To handle non-strict functions, instead of instantiating the definition of the entire non-strict function, we apply a similar instantiation to a maximal strict auxiliary. One intuition tells us do this by peeling away the thinnest possibly layer of non-strict material to reveal one or more strict functions underneath, but another intuition tells us to extract the largest possible strict expressions surrounding the actual uses of the variables to be instantiated.

To extract safe auxiliaries, we first unfold as far as possible without instantiation, and then subsitute ⊥ for the argument and unfold ⊥ results only. Compare the before and after results and define a strict auxiliary, folding it back in to the before result.

Proving Equivalence

How can we establish whether two functional expressions are equivalent? (i.e., interchangable). Testing for equal results across a range of arguments is of limited use (there may be an infinite number of possible arguments, and when one or both results is ⊥, the result of == is itself ⊥, not True as required). Indeed, automatic checking is not feasible by any algorithm, because the equivalence problem is undecidable.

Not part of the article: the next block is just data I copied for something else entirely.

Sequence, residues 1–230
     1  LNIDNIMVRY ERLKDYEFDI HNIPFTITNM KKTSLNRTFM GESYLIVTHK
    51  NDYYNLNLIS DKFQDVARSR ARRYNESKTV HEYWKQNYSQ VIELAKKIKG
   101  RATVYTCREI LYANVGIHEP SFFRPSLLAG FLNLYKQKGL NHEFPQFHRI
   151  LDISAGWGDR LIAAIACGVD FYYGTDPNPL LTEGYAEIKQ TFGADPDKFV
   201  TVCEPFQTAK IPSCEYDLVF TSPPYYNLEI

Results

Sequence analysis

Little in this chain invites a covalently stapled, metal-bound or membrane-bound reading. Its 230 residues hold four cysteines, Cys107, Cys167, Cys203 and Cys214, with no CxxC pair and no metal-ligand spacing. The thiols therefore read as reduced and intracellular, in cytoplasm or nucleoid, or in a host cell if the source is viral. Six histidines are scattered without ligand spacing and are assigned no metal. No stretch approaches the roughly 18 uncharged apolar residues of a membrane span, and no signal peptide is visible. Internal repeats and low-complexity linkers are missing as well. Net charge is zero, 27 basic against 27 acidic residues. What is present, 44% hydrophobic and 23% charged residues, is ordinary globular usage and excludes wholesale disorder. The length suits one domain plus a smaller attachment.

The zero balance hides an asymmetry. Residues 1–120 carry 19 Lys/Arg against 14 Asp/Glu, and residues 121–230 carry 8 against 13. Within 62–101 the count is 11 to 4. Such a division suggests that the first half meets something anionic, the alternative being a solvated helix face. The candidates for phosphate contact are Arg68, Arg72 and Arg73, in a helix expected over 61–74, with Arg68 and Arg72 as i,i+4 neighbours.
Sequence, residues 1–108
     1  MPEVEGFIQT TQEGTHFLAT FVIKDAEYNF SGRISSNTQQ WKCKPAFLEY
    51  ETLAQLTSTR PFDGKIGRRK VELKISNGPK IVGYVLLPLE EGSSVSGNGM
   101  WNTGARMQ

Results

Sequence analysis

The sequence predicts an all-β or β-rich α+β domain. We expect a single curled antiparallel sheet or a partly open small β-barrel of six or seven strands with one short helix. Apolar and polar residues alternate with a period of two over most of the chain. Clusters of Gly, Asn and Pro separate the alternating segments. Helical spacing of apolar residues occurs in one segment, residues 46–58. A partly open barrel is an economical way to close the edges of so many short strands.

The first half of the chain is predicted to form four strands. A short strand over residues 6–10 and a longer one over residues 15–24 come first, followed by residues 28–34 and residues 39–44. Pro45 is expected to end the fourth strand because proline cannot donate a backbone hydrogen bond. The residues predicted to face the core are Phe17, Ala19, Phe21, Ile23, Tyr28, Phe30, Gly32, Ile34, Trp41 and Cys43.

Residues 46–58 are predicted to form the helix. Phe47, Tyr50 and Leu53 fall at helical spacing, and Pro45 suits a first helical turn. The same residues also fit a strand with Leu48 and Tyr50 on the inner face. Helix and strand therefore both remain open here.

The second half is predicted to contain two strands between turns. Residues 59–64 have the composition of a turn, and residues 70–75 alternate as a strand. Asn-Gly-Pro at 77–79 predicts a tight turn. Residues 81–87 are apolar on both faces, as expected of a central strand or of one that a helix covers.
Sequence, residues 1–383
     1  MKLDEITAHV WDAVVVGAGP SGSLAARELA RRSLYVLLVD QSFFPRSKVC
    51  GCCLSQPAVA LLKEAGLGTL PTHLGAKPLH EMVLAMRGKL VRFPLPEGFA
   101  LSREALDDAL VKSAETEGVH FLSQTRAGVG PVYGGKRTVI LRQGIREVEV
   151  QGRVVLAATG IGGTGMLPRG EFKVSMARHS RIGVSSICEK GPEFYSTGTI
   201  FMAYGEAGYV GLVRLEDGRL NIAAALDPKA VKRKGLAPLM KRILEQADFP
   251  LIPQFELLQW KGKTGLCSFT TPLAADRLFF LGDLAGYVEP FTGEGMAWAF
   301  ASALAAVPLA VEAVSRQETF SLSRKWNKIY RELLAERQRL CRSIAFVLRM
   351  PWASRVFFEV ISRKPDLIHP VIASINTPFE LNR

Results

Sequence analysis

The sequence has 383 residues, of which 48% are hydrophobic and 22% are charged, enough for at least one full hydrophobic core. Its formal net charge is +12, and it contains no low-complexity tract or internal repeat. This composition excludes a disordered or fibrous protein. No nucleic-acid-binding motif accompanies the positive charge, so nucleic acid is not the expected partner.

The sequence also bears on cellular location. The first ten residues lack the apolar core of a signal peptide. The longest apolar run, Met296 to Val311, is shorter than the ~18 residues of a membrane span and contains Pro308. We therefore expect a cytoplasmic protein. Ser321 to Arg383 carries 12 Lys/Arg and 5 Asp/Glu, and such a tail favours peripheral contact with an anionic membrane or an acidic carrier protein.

Proof of equivalence as a law or theorem appears to be necessary. We can expect inductive proofs because we have recursive definitions. Fold/unfold can be regarded as a kind of proof, though we have not been rigorous about the inductive assumptions involved.

Natural Induction

Using natural induction, to show a proposition P n holds for every natural number n, it suffices to show P 0 and assuming P n holds, P (n+1) follows.

If n ranges over programmed expressions, whose results, if any, are natural numbers, we must also show: P ⊥.

Structural Induction

To show a proposition P v holds for every fully-defined value v of some data type t, it suffices to show:

  • for every constant constructor C of type t, P C holds;
  • for every functional constructor F of type t, if i . P vi holds, where i ranges overs positions of F's arguments of type t, then P (F v1 ... vn) follows.

To extend this to cover (partially) undefined values of type t, we must also show P ⊥.

Applying this scheme to a list type, for example, P is true of every type-compatible list expression if:

  • P [];
  • if P xs holds, P (x:xs) follows;
  • P ⊥